In this April 29, 2021 file photo, a coal-fired RWE power plant steams on a sunny day in Neurath, Germany. (MARTIN MEISSNER / AP)
BRUSSELS – The European Union has agreed to a law that sets national targets to reduce overall carbon emissions by the end of the decade across sectors including agriculture, buildings and transport.
Negotiators of the European Parliament and the European Council, which represents the 27 EU members, agreed to a deal on the legislation called the Effort Sharing Regulation (ESR) late on Tuesday.
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The regulation sets national targets for emission reductions from road transport, domestic maritime transport, heating of buildings, agriculture, small industrial installations and waste management.
Countries can trade limited amounts of allowances with others or "bank" some allowances if their emissions were lower in a given year or "borrow" from future years if their emissions were too high
These sectors, not now included in the EU emissions trading system, generate about 60 percent of EU greenhouse gas emissions. The planned law should reduce them by 40 percent compared to 2005.
The law is part of the overall EU plan to cut net emissions by 55 percent by 2030 from 1990 levels and to achieve climate neutrality by 2050.
The ESR is designed to ensure that all EU members contribute to the goal in a fair way. So richer countries Denmark, Finland, Germany, Luxembourg and Sweden need to make 50 percent cuts, while for Bulgaria the target is 10 percent.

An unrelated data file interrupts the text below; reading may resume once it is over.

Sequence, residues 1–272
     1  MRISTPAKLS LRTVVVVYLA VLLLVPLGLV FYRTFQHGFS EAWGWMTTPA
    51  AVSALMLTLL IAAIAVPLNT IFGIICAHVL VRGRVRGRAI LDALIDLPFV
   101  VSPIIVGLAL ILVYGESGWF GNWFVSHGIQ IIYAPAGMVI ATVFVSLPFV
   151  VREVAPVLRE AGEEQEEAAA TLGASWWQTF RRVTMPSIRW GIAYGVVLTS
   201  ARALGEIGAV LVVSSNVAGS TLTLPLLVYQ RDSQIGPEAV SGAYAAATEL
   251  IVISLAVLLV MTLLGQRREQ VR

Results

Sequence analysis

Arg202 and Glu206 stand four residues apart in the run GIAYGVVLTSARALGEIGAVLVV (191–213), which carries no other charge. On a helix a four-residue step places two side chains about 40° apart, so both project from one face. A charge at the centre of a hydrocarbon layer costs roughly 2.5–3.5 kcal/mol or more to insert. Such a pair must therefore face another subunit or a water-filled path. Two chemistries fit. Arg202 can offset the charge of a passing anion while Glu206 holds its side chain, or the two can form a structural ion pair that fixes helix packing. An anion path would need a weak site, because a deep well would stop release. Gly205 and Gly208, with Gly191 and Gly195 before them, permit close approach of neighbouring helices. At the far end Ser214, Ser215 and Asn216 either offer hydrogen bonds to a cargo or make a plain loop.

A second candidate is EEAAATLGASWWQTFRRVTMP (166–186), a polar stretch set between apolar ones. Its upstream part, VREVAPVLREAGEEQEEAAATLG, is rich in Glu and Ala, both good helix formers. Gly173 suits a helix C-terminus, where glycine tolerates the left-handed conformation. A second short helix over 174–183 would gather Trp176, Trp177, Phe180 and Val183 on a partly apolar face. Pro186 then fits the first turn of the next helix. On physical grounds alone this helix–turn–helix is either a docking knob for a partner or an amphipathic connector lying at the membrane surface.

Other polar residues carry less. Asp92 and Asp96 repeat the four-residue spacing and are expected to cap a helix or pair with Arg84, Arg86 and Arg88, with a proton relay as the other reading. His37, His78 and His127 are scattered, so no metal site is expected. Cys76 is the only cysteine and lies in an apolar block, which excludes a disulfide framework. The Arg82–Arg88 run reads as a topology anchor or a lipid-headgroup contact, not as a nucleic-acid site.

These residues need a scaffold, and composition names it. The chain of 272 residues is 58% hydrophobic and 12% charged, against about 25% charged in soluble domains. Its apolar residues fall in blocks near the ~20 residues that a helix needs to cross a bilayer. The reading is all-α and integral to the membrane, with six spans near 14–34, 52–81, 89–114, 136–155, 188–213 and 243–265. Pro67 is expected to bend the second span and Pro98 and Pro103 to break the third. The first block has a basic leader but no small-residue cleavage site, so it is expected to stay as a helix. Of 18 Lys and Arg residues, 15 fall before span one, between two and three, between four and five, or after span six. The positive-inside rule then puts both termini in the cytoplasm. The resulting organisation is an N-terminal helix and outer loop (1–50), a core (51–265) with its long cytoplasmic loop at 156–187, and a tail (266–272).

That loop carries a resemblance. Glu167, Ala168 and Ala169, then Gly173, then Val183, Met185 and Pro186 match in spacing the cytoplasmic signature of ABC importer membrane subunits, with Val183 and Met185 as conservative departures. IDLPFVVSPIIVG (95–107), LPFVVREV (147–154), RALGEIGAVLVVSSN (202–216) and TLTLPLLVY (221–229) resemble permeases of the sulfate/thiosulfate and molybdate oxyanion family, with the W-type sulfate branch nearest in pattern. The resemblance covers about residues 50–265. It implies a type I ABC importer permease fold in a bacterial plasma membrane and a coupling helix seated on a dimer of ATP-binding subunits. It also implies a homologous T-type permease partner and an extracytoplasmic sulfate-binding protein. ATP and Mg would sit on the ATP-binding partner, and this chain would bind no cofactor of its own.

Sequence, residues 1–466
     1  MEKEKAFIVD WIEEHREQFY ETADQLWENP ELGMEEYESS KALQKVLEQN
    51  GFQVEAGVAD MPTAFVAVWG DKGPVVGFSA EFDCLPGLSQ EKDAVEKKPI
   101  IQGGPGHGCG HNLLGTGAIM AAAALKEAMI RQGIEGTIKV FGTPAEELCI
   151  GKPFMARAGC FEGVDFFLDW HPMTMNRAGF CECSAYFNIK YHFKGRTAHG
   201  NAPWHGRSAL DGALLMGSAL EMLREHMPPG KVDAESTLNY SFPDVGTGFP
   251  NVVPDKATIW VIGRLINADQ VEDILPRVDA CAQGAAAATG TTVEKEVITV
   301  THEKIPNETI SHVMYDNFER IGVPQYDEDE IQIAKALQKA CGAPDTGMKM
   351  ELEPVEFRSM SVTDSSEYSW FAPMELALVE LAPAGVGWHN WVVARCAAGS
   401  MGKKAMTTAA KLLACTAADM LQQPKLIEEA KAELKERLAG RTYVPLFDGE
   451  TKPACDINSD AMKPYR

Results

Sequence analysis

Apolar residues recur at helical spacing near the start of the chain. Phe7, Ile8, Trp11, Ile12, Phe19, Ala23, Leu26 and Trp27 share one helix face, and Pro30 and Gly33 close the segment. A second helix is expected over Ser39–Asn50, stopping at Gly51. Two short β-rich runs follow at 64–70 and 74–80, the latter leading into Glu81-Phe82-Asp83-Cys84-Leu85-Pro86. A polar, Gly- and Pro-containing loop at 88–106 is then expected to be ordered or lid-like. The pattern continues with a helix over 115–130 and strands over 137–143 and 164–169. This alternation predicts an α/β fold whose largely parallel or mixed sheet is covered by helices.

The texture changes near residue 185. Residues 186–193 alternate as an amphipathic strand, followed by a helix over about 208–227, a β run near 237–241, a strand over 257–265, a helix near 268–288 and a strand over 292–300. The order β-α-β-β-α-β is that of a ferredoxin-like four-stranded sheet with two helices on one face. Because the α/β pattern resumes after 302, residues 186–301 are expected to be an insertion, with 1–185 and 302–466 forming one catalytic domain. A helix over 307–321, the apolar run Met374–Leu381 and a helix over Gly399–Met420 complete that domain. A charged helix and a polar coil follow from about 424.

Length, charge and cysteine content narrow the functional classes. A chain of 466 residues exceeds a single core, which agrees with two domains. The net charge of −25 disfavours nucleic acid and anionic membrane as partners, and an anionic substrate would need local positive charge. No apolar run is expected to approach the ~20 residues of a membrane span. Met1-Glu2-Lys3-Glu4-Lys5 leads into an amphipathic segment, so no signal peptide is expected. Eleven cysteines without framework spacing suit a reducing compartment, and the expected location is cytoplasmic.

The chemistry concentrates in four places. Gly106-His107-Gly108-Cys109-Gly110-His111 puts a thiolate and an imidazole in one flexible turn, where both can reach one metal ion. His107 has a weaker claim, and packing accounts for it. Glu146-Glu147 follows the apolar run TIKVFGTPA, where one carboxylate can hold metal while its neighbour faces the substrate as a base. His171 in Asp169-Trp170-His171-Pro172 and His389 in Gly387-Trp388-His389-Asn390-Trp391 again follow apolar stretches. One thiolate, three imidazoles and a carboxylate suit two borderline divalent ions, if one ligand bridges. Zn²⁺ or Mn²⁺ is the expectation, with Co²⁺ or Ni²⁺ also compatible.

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Countries can trade limited amounts of allowances with others or "bank" some allowances if their emissions were lower in a given year or "borrow" from future years if their emissions were too high.
The law needs approval by the European Parliament and the European Council before it can enter force, although that is normally a given after negotiators agree a deal.
The deal is one of three the European Union is hoping to clinch in time for the United Nations climate summit that started in Egypt on Sunday.
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The bloc struck a deal last month on a law effectively banning the sale of new petrol and diesel cars from 2035 and on Thursday aims to conclude negotiations on a law to expand Europe's CO2-absorbing "sinks", such as forests.